She has published seven novels and eight collections of stories. She has been included in four O. Henry Award collections and in John Updike’s Best American Short Stories of the Century (the story “Janus”). In 2000 she received the PEN/Malamud Award for achievement in the short story form. In 2005, she received The Rea Award for the Short Story. She and her husband, the painter Lincoln Perry, live in Key West, Florida, and Charlottesville, Virginia, where she is Edgar Allen Poe Professor of Literature and Creative Writing at the University of Virginia. (You can link to Lincoln’s paintings here –his work is astonishingly beautiful. He and Ann were recently invited to keynote an Updike conference in Reading, Pennsylvania; Lincoln has painted 36 takes on “Rabbit” Angstrom.)
Her novella Walks with Men was just issued by Scribner and you can buy it here. Coming soon: a collection of all 48 of her New Yorker stories, arranged chronologically, and soon a non-fiction book about—get this!—Pat Nixon. (Ann’s house in Maine is filled with pictures of the long-suffering wife of Richard. M. Nixon.)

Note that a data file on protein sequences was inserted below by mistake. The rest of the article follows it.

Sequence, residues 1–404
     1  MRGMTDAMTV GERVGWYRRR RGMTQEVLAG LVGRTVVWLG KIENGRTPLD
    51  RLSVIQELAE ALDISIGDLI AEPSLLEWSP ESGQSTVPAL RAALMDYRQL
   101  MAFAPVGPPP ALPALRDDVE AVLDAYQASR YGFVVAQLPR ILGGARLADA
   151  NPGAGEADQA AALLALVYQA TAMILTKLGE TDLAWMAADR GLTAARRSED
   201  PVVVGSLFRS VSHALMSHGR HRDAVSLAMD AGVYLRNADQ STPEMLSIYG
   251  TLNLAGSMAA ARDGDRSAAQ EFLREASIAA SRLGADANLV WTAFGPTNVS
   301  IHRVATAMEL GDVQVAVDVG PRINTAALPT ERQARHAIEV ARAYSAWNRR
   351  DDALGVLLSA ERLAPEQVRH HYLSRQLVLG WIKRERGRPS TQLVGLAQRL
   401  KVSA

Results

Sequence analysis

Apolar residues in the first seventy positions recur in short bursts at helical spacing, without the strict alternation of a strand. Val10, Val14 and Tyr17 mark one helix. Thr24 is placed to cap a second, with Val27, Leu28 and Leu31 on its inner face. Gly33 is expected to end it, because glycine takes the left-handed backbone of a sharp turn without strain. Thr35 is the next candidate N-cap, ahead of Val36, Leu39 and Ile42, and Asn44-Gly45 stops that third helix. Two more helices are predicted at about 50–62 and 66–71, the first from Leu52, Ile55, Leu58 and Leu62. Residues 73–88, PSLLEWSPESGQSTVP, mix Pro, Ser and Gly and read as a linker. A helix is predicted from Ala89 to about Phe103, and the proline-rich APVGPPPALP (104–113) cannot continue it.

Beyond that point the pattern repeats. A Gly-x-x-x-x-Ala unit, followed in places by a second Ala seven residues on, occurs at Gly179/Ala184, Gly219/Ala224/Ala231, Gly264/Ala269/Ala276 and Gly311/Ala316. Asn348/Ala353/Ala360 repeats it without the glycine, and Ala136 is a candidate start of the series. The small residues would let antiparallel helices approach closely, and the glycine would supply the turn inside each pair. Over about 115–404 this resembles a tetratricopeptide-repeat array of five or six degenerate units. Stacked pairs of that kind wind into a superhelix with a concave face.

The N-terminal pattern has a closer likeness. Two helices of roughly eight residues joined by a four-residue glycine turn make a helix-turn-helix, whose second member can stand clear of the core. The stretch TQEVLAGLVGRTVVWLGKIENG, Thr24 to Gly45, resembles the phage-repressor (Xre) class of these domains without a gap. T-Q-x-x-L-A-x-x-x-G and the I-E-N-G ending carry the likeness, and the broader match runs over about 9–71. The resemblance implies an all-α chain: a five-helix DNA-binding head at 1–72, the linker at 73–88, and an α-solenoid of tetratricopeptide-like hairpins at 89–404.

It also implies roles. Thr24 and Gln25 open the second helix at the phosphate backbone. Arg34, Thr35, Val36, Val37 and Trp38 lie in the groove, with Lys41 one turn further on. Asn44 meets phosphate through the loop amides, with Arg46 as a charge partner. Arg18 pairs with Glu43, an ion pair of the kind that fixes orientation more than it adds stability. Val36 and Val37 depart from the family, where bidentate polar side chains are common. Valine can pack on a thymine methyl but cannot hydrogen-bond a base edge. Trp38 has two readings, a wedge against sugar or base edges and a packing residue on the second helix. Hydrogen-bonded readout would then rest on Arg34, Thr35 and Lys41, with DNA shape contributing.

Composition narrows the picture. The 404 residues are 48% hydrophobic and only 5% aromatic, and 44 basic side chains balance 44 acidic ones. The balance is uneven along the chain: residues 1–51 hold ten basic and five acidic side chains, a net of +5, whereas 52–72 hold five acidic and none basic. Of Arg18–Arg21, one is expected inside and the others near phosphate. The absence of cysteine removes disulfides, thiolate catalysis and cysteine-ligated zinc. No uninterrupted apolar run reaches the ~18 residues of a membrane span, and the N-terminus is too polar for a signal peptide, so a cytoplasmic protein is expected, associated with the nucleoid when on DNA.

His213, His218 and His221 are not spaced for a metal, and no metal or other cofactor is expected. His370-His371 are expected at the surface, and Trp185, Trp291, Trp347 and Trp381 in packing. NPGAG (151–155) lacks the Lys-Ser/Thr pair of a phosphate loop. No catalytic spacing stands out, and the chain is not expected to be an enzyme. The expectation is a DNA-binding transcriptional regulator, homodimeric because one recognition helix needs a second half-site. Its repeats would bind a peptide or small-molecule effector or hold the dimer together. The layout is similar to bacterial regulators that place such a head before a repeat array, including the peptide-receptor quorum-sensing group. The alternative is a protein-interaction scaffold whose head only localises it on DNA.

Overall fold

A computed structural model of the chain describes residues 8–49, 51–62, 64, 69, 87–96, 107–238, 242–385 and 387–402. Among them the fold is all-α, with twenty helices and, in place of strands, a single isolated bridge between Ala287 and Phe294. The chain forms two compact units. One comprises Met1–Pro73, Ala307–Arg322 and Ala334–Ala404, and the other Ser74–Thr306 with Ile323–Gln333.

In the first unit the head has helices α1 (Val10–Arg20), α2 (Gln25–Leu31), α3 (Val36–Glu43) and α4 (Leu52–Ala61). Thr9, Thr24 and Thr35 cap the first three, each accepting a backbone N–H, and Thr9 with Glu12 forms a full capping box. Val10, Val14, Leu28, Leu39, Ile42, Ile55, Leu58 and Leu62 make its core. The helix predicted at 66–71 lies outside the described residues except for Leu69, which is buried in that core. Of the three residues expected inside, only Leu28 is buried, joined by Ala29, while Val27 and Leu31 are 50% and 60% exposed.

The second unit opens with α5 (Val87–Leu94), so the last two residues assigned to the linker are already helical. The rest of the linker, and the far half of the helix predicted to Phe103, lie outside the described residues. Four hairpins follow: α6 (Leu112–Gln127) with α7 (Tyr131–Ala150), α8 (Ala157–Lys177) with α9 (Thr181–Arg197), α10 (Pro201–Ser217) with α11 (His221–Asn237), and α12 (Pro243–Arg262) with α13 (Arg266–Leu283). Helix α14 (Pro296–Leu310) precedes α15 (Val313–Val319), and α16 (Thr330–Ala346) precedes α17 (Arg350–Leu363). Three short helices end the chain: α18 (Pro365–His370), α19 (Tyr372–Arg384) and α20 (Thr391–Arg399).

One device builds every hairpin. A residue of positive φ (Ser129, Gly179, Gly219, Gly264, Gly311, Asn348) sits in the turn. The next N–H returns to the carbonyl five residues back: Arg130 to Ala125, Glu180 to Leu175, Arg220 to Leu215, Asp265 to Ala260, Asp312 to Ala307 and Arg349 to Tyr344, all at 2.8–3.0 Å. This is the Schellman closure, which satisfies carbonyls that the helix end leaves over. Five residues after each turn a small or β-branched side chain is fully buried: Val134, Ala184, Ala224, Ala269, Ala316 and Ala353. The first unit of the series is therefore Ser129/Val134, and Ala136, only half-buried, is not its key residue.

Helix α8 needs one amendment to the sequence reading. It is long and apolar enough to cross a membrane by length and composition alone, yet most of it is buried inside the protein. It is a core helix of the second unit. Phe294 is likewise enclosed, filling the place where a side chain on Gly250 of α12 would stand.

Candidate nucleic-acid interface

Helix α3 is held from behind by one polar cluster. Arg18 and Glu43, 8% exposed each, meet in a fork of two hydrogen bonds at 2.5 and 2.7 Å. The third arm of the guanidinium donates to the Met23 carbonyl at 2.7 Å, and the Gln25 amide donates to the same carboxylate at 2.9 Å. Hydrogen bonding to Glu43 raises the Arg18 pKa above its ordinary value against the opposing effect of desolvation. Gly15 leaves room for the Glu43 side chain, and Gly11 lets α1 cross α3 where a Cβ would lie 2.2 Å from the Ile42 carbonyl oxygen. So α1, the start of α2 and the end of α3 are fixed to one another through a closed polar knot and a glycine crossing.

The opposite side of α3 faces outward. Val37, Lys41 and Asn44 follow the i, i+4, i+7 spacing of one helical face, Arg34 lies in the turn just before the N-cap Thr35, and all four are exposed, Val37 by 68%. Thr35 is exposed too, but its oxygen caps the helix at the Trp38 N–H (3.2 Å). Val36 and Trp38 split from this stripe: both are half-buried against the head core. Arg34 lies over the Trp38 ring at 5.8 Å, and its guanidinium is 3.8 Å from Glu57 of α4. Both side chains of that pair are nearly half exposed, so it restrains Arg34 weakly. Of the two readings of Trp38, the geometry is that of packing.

For those in the Fictionaut community who have yet to discover the work of Ann Beattie, let me suggest starting with Chilly Scenes of Winter and Picturing Will if you are inclined to start with a novel. Another You is a helluva novel that whatshername at the Times sort of missed the boat on; no matter, get it and read it. You can witness her mastery of the short story form by reading one of her collections; about once a year I re-read The Burning House and Where You’ll Find Me to try to remember how it should be done. Or, just get Park City and dip into her collected stories.
Finally, I asked Ann to say a word about “Coping Stones,” the story we selected for this edition of Line Breaks. Here is what she said.